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Teens Who Dine With Their Families May Be Slimmer Adults
Study found eating meals together once or twice a week was tied to lower risk of becoming overweightFriday, October 24, 2014
FRIDAY, Oct. 24, 2014 (HealthDay News) -- For those teens who try to avoid spending time with their parents and siblings, new research suggests that sitting down for family meals might help them stay slim as adults.
Despite everyone's busy schedules, researchers found that just one or two gatherings around the kitchen table each week were well worth the effort.
"There are numerous distractions that could keep families from having family meals. However, this study shows that even trying to have a few family meals a week could be beneficial for guarding against overweight and obesity in adulthood," noted study author Jerica Berge, an assistant professor in the department of family and community medicine at the University of Minnesota Medical School, in Minneapolis.
Using data from a 10-year study involving more than 2,000 teenagers, the researchers examined variables that could affect young people's weight, such as diet and physical activity. The teens were asked how often they sat down for family meals. The researchers also recorded each teen's body mass index -- a measurement that determines whether a person is a healthy weight for their height.
After a decade, 51 percent of the teens involved in the study were overweight and 22 percent were obese overall, the study published recently in the Journal of Pediatrics found.
The researchers noted that when the study began, 15 percent of the teens said they never ate family meals. Of those teens, 60 percent were overweight at the 10-year follow up and 29 percent were obese.
Meanwhile, among the teens that reported eating between one and five family meals per week, only 47 percent to 51 percent were overweight a decade later, and 19 percent to 22 percent were obese.
So, how do family meals help prevent weight gain? The protective effect is likely due to a combination of factors, according to Berge. "Although we don't know exactly why having family meals is protective, family meals may provide a combination of activities such as opportunities for healthful eating, connection among family members, creating a supportive environment for emotion regulation and a sense of security that give children the ability to regulate their own eating behaviors in their day-to-day lives," she explained.
Research has shown that American children and teens sit down for an average of about two to four family meals per week, according to Berge. She noted this includes breakfast and lunch, as well as dinner.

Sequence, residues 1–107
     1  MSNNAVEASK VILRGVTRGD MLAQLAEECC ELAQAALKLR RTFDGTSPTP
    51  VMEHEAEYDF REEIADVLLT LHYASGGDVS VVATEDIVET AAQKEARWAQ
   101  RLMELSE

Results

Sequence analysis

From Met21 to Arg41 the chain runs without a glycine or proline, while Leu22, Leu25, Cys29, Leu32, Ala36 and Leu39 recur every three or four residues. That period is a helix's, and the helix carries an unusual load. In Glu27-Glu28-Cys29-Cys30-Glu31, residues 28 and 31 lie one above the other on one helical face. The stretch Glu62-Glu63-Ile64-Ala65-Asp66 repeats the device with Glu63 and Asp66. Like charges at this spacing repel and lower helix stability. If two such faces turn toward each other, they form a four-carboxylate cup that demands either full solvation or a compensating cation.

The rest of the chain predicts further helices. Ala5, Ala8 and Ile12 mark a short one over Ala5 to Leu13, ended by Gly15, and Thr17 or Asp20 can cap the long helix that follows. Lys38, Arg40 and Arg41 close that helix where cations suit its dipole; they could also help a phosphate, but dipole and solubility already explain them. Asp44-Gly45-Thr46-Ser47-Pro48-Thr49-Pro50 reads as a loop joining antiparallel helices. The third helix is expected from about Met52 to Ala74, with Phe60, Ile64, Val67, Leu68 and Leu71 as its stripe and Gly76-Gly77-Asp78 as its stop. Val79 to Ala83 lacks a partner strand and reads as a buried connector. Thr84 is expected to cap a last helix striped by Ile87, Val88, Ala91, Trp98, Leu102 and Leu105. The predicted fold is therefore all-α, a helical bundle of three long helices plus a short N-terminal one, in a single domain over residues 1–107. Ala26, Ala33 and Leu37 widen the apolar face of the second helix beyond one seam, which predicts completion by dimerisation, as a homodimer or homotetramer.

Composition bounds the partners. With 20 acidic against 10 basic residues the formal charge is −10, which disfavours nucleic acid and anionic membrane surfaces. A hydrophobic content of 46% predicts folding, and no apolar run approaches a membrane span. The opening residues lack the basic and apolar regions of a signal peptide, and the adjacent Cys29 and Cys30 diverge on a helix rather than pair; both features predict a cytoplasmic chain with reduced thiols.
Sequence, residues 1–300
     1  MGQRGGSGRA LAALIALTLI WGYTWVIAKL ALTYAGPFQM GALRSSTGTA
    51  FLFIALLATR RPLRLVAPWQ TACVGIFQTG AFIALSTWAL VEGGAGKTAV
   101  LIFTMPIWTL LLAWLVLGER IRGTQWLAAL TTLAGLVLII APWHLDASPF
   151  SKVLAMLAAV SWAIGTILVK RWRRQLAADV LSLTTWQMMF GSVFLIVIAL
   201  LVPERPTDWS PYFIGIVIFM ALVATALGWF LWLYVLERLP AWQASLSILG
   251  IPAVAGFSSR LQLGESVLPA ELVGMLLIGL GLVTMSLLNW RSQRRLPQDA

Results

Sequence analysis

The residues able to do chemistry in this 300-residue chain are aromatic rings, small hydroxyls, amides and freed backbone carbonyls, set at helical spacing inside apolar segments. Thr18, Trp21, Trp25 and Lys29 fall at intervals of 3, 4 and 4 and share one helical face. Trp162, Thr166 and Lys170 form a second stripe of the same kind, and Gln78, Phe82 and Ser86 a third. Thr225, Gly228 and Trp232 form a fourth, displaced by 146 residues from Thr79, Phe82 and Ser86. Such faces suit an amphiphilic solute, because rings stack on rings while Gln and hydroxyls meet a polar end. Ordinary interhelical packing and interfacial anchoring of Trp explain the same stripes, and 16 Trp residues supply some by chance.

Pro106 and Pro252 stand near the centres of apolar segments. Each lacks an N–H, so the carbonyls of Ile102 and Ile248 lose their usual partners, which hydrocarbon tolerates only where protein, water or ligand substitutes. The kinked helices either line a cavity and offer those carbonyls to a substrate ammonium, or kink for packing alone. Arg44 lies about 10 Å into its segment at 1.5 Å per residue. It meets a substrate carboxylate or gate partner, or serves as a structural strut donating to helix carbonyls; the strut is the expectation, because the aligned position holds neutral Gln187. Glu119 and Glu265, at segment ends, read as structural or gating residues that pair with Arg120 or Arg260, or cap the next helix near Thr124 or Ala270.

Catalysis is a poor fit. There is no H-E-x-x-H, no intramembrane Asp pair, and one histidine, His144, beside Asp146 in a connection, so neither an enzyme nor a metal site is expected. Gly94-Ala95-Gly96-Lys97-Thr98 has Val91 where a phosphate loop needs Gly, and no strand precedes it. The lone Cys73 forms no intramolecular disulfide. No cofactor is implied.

Another study Berge conducted, which was published earlier this week in the journal Pediatrics, found that calm, positive family meals might help a child avoid becoming overweight or obese.
One expert noted that her clients are really trying to carve out time for family meals.
"The '50s were the epitome of the family meal," explained Kristi King, a clinical dietitian at Texas Children's Hospital in Houston. "As society became more fast-paced, we found ourselves drifting away from the family meal time. Now, in practice, I see families very much wanting to try and slow down and reinstitute the family meal on a regular basis."
For busy families, having just one family meal is a great place to start, Berge pointed out. "It may not matter which day of the week it occurs or that it is the dinner meal. The important thing is to start making family meals a regular occurrence," she said.
Limiting distractions can also help, advised King.
"Just one meal can give families the opportunity to 'check-in,' but that is assuming technology takes a backseat during meal time," she said. "Kids learn by watching their parents. So parents should set the example they wish their children to follow. Try having the whole family disconnect for 30 minutes during meal time and actually having a conversation."
King also pointed out that meals at home are typically lower in calories and contain more fruits and vegetables.
While the study found an association between family meals and a lowered risk of obesity in adulthood, it did not prove a cause-and-effect relationship.
SOURCES: Jerica Berge, Ph.D., M.P.H., assistant professor, department of family and community medicine, University of Minnesota Medical School, Minneapolis; Kristi King, M.P.H., R.D., clinical dietitian, Texas Children's Hospital, and clinical instructor, pediatrics, section of gastroenterology, hepatology and nutrition, Baylor College of Medicine, Houston; Sept. 29, 2014, Journal of Pediatrics
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